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mrswoodentop · 27/03/2012 22:07

I would seriously recommend pekins they are just fluffy footballsGrinvery friendly,very gentle the children can cuddle them etc.The only draw back is that you only get little eggs and they do have a tendency to go broody and stop laying .I have heard silkies are sweet too.

Try reading one or two of the magazines,there is a new one called Chickens aimed at back garden owners and Practical Poultry is also s good one ,Smiths has a good selection

.As I say the omlet site has a breed directory which is good as well and people have put comments on their experience of the breed.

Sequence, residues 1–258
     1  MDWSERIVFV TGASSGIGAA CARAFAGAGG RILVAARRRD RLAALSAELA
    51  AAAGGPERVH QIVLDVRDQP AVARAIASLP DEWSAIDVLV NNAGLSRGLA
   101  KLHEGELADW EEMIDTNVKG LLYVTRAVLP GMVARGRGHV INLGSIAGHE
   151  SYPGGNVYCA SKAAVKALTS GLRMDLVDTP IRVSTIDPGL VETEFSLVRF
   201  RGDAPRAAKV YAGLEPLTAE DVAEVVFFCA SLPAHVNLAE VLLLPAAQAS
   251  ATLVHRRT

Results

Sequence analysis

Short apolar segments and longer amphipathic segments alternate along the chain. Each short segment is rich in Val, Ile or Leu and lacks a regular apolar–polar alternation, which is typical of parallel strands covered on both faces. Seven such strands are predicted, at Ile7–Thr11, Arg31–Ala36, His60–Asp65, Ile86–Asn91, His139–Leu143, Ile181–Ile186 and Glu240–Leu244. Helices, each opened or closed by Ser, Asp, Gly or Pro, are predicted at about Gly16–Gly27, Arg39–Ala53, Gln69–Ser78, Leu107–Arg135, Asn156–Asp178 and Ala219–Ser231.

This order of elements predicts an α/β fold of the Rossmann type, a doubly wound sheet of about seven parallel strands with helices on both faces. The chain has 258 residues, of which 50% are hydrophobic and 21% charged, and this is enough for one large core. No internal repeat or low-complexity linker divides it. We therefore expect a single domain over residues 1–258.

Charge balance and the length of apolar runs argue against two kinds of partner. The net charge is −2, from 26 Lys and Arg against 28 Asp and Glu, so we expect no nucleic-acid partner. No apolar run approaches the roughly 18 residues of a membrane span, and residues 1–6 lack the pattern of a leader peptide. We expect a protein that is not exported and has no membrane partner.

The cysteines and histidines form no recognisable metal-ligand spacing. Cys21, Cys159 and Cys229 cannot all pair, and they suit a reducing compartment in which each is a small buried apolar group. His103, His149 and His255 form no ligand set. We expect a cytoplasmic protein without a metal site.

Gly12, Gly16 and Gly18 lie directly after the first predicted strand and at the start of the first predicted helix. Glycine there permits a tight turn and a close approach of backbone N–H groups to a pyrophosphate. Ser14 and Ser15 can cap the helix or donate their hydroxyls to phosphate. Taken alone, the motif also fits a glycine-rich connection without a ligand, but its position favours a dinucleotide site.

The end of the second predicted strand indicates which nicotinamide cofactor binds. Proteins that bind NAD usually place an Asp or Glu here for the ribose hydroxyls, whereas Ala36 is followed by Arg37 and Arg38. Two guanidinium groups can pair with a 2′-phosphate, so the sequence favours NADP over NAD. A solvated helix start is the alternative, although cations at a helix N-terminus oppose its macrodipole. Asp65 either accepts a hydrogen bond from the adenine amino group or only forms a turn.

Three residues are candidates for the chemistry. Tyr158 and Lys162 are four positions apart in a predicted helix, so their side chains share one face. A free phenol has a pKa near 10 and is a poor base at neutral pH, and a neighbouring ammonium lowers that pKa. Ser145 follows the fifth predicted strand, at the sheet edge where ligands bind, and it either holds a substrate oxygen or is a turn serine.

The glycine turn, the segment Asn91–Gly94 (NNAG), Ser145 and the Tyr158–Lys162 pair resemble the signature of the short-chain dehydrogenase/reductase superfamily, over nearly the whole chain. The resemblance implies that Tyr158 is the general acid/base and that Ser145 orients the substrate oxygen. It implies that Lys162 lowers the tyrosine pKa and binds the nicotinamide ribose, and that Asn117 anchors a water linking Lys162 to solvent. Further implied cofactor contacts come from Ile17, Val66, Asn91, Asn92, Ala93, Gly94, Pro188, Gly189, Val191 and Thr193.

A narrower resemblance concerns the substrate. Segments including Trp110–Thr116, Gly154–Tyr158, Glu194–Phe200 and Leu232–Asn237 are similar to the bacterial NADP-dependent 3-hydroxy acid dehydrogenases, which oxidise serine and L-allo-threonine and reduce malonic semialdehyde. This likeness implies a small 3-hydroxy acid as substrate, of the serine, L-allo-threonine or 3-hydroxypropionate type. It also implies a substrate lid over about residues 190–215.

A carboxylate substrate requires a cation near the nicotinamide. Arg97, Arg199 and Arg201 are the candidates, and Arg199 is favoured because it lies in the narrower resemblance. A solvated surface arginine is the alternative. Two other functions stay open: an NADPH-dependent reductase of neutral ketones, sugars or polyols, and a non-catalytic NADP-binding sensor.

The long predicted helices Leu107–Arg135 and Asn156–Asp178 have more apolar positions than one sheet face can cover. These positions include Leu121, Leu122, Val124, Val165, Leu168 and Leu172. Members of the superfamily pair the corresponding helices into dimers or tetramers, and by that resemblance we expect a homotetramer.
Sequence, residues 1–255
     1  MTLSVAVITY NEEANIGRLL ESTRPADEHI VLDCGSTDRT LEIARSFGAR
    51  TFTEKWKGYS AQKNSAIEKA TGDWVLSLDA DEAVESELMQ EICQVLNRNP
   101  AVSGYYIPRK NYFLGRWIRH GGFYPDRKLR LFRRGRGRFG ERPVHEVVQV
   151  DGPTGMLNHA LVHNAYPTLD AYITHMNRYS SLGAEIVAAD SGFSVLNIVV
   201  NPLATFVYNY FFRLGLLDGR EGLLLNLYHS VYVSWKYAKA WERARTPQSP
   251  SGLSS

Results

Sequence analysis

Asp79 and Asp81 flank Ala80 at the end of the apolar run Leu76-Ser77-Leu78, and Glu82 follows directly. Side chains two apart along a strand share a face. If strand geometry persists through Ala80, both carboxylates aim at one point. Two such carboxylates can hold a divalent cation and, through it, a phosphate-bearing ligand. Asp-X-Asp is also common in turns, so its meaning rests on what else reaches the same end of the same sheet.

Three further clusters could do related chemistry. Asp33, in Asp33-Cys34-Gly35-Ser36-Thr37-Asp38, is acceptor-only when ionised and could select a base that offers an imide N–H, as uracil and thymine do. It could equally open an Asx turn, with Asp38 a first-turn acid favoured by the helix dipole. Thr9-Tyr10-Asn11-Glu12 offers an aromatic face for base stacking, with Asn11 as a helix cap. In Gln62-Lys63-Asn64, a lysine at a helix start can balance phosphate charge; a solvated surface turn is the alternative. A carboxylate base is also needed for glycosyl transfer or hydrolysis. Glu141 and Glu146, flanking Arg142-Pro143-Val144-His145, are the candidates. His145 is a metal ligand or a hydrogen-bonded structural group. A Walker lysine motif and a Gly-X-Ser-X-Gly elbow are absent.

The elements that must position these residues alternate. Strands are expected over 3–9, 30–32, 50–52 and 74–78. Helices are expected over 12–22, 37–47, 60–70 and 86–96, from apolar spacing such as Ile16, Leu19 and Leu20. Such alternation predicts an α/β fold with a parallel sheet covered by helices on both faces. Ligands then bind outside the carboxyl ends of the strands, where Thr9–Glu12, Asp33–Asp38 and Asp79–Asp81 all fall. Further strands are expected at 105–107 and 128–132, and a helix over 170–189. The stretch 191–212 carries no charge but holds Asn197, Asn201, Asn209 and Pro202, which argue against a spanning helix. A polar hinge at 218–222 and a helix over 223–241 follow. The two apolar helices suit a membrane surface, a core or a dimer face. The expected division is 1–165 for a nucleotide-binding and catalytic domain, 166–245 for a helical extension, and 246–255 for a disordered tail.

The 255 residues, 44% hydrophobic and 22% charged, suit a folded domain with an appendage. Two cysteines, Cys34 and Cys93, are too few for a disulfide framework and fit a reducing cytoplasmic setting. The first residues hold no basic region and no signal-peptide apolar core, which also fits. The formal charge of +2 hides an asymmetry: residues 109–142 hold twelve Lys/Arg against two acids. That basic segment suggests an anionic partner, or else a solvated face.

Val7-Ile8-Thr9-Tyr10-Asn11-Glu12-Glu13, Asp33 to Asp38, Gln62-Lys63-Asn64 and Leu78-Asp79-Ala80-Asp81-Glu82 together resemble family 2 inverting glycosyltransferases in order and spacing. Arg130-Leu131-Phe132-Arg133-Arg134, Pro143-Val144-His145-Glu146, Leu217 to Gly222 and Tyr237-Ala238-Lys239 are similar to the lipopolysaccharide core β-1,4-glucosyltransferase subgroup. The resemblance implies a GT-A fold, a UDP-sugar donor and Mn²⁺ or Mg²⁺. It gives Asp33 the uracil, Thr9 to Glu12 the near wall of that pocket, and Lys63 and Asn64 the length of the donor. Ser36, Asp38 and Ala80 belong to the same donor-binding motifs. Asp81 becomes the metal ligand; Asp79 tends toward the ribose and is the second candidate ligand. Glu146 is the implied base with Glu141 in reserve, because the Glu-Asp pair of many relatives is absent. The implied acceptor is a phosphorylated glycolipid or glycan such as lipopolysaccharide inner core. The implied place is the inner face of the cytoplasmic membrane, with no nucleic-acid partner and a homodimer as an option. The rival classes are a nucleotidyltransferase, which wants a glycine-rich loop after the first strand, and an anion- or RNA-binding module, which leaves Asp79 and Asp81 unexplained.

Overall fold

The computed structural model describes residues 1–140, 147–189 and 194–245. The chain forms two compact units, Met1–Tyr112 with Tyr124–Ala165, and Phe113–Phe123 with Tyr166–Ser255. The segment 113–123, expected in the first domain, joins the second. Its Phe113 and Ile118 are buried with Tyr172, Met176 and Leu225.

nickelhasababy · 28/03/2012 11:24

they are gawjus, aren't they!

9hard to keep the fluffy feet clean though...)

nickelhasababy · 28/03/2012 11:26

if they're all ex-batts, you might be okay, just let them get on with it.

it is soooo rewarding in the end :)

if you're going to start with POLs (point of lay - about 16-20 weeks old), then go for large hybrids - like Bovans nera, white sussex, silverlinks/amberlink or calder rangers/isa browns.
friendly, lots of eggs, good with children

smallmole · 28/03/2012 14:27

Brilliant - this is just the sort of advice I was looking for - thanks! Also - the hen house looks pretty big - not measured it but I'd say it's about standard garden shed size - how many hens do you think I should get? I was thinking of 5 to start off with...?